updated 09:45 am EST, Tue November 8, 2011
Google chair has no plans for Android royalties
Google chairman Eric Schmidt in a Korean media event promised that Android would stay free to license. In spite of pressure for patent licenses from Microsoft and Oracle, partners wouldn't be charged directly by Google as Microsoft does with Windows Phone. He didn't say, however, whether Google would provide any help to companies being made to pay higher royalties in patent disputes that touch on Android itself, not their specific software additions.
The executive went on to make a rare direct attack against Microsoft, accusing the Windows developer of effectively lying about every Android device requiring a Microsoft patent license. He interpreted Microosf'ts strategy as a shakedown campaign, where it threatens their businesses unless they pay a patent license without question.
"Microsoft is not telling the truth on this issue, and they are using tactics to scare people because they are scared of the success of Android," Schmidt said.
While Microsoft has always asserted that its patents are legitimate, it only started challenging companies on them in April 2010, after Windows Phone was a known quantity and Android was becoming large. Its strategy has also been accused of being cynical, counting on fiscal and legal clout that makes it difficult to challenge the legitimacy of the patents outside of just a few companies, such as Motorola. Microsoft is also widely reported as offering 'discounts' to companies that also sell Windows Phones, mimicking its 1990s-era strategy of charging for both Windows and non-Windows PCs.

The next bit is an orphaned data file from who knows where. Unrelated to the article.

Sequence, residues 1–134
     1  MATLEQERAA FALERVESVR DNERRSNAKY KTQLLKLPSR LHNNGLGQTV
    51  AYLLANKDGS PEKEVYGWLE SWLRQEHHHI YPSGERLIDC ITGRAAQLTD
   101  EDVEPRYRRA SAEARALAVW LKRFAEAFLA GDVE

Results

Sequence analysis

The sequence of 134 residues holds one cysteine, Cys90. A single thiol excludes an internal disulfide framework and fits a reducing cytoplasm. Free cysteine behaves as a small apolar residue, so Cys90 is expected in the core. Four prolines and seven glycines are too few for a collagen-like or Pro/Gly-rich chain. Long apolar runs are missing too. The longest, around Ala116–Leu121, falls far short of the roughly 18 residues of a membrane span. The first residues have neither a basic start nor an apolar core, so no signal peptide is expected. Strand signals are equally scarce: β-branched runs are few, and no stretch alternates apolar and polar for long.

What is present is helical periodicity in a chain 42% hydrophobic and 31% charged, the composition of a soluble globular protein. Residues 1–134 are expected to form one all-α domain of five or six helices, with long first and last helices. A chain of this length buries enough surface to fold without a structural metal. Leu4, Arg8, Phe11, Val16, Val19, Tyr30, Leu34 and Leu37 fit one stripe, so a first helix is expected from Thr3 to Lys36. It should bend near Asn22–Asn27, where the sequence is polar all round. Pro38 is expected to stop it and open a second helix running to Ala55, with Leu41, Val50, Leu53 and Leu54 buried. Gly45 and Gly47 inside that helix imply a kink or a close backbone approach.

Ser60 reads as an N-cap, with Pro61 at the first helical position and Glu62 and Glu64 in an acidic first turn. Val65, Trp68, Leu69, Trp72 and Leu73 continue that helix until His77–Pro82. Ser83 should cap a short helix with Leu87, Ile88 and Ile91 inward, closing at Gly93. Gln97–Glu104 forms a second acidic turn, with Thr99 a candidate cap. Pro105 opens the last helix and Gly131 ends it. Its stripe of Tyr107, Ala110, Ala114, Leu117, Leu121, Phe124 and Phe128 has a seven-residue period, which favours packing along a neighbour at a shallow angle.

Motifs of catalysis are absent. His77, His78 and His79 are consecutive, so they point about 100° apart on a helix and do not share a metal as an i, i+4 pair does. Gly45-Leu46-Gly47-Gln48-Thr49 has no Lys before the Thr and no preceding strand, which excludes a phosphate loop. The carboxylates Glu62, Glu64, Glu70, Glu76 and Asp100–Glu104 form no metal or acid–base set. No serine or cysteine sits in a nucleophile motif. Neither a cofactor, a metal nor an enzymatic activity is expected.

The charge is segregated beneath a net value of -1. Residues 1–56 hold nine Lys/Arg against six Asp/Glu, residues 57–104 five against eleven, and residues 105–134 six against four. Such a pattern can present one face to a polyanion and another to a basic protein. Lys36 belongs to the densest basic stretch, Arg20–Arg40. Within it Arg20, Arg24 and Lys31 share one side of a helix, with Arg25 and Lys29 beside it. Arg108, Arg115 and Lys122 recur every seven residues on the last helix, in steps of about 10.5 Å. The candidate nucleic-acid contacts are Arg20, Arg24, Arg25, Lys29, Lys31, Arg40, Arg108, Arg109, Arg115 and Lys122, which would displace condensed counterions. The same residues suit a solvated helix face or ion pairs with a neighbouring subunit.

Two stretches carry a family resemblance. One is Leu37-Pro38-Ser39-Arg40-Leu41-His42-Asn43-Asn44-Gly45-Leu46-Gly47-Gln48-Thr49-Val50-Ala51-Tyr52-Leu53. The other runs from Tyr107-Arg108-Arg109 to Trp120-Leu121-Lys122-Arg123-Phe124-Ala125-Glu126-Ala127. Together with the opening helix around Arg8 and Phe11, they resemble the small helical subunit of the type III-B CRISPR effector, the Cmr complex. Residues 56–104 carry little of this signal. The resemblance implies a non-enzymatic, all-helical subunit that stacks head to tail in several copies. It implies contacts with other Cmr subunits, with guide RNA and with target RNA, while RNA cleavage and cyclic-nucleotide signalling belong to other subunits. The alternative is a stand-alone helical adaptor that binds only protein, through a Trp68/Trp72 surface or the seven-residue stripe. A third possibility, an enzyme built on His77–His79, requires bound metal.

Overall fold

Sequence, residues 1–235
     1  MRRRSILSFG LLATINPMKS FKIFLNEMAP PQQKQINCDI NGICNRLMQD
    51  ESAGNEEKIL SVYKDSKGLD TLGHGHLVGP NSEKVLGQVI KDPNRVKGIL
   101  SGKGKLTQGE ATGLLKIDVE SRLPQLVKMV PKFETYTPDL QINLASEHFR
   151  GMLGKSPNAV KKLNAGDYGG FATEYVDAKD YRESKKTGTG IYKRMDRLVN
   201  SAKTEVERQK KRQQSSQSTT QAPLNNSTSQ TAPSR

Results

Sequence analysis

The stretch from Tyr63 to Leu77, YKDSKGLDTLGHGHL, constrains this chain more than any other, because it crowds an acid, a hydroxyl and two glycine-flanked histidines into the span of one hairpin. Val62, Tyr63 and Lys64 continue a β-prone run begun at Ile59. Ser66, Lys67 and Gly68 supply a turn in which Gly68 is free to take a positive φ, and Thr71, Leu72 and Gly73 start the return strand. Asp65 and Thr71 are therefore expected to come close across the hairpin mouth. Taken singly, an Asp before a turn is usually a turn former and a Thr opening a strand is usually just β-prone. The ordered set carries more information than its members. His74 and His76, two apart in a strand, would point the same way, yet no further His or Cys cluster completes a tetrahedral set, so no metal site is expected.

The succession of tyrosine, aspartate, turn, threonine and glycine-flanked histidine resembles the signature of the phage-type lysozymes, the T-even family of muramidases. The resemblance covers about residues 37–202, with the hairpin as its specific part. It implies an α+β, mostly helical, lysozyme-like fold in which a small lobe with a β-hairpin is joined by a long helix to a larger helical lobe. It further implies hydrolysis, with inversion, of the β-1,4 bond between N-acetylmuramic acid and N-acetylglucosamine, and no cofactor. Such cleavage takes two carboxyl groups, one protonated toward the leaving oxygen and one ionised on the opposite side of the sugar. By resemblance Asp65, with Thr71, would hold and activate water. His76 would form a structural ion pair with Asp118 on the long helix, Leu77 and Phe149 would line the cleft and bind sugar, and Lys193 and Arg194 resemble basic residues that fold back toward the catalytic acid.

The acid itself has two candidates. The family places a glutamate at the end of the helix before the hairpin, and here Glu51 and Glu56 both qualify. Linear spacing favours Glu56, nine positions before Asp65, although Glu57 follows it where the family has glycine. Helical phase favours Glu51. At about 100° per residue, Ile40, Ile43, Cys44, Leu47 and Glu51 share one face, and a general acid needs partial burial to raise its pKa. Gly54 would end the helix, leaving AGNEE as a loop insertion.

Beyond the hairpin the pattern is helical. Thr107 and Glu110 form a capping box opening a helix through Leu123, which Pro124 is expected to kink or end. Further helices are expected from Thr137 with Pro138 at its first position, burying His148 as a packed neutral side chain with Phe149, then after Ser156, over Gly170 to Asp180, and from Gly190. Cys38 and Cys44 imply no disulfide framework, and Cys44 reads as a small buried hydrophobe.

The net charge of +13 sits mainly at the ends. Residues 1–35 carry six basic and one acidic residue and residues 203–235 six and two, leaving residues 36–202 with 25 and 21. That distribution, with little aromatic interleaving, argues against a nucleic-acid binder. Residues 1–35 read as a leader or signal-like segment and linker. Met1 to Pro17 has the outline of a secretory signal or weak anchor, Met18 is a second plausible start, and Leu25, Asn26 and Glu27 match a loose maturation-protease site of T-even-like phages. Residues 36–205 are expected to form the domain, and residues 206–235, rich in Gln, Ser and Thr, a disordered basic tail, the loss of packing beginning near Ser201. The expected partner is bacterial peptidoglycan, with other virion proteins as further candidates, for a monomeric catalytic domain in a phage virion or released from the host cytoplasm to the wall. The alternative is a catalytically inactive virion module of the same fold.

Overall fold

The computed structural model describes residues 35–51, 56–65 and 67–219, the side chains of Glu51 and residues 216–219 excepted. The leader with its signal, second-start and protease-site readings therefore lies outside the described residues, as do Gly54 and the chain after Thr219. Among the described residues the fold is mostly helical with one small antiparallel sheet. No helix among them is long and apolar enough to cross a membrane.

Schmidt in the interim repeated his common claims that Google wouldn't interfere with Android through the Motorola deal, arguing that it would be run "sufficiently independently" to keep the platform open. It's not clear how long this will last, as Schmidt himself has said Google wants Motorola's hardware. Unofficial expectations are that Motorola will become the official Nexus phone wing and ship Google-influenced, stock Android devices. [via Wall Street Journal]